The only component that had a high cost in a Okolicsanyi/TeKaDe television receiver was the mirror screw itself. Built on a small scale, hand made and very precise, the estimate for one piece would be hundreds of (1931) dollars. However, it is known that he considered having the mirror screw formed in molds, of Bakelite or a similar material, much like the large tuning knobs used on radios of that period. The reflecting surfaces would be electroplated with chromium. He stated that the price for mirror screws would be no more than two dollars each. But the quantities had to be large (~ 50,000). With such a mirror screw, TeKaDe could offer a respectable size picture (~ 4" X 5" ) with somewhere between 100 and 180 lines for a very low cost. But, since there was no immediate large market for television, it was impossible to justify the high startup cost of molding the mirror screws. In addition, the television line rate requirements (controlled by the German Post Office), kept changing in the upward direction. When they first started, about 100 lines were enough. In fact, TeKaDe built a few 90 line, small mirror screw sets for demonstration.
At the same time, there were at least a dozen engineering groups, in countries all over the world, working hard to develop an all electronic cathode ray tube receiver. One of the most important characteristics of a cathode ray tube receiver is that the picture line rate of the deflection circuits, can be changed up or down, by simply turning a knob. Therefore, it was easy to "up" the line rate as other portions of the circuitry were improved. (Not so when using the mirror screw! )
Which is exactly what happened. Before long, the new standard line rates was increased to 180 lines. The 90 line mirror screw was now obsolete/inoperable and therefore had to be replaced, with one built to operate on the 180 line format.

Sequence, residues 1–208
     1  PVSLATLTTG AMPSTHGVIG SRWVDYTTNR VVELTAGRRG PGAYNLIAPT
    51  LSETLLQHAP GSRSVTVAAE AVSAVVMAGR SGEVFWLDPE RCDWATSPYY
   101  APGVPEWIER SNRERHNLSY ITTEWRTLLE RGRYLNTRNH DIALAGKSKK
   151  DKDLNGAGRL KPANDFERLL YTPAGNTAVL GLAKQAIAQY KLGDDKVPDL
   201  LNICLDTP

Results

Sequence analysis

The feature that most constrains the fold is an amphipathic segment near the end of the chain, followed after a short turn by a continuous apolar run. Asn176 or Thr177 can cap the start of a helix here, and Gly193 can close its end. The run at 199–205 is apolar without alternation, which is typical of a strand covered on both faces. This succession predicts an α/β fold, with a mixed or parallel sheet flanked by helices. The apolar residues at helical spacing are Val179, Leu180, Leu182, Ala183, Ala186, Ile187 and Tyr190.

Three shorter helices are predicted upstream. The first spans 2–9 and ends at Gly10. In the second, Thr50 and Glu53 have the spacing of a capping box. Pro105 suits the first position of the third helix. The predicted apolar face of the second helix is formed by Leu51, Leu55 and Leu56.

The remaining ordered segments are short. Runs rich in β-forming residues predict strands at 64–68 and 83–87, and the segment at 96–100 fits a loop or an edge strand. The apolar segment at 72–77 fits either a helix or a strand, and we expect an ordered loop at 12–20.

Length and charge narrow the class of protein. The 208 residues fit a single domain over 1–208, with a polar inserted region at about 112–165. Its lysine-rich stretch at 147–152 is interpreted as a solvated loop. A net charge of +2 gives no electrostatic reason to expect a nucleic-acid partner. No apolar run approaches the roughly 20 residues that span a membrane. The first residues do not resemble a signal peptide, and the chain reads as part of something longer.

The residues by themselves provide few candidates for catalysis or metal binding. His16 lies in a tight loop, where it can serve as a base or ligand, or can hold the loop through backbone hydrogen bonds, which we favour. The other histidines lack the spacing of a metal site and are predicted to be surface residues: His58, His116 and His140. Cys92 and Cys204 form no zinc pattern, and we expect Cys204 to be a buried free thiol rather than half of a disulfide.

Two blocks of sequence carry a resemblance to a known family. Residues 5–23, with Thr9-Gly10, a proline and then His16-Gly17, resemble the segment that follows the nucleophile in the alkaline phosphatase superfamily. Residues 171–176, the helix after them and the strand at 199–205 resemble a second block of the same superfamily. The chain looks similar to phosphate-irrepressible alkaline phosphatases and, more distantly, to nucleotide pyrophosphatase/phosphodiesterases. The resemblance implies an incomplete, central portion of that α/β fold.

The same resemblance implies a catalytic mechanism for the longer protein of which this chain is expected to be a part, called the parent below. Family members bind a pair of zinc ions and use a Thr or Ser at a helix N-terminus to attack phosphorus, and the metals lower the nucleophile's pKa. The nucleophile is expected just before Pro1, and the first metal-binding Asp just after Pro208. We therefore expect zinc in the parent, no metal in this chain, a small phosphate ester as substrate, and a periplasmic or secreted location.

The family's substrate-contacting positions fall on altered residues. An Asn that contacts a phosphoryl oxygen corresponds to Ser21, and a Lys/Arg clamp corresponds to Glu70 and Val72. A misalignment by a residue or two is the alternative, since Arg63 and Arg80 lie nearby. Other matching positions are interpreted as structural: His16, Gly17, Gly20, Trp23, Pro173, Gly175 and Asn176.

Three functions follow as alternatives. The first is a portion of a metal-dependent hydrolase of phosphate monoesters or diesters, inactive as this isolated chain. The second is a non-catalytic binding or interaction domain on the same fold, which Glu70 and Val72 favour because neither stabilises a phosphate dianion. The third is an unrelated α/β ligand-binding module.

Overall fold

In the years 1934 and 1935, at the Berlin Annual Radio/Television shows, the TeKaDe 180 line mirror screw receivers, were judged to provide better and the best pictures of all of the televisions on display in both shows. Mr. Okolicsanyi was so confident, that he attempted to get TeKaDe to transfer all of their engineering people from cathode ray receiver activities to further mirror screw development. Mr. Okolicsanyi was present at the 1934 show and was telling anyone that was interested that, that was going to happen.
Within 2 years, there were signs that the line format would be raised again. Since the increases in the past were usually a doubling of the previous number, it was expected that the new rate would be 360 lines. To get ready for this, Mr. Okolicsanyi developed and patented some additions and changes to the standard mirror screw construction, that he felt would provide good operation on as much as 360 lines.
However, when the format change was announced, it was not increased to 360 lines. Instead...it was jumped to 441 lines.
And that signaled the end of the mirror screw.
* Last thing heard about Mr. Okolicsanyi, was that he had left TeKaDe and was hired by Scophony.
* It has be determined that the first patent given towards the mirror screw went to Mr. D. B. Gardener, Filed
September 17, 1928 in Los Angeles, CA.
* Your comments would be appreciated. Thank you.
* Todays date: January 27, 2009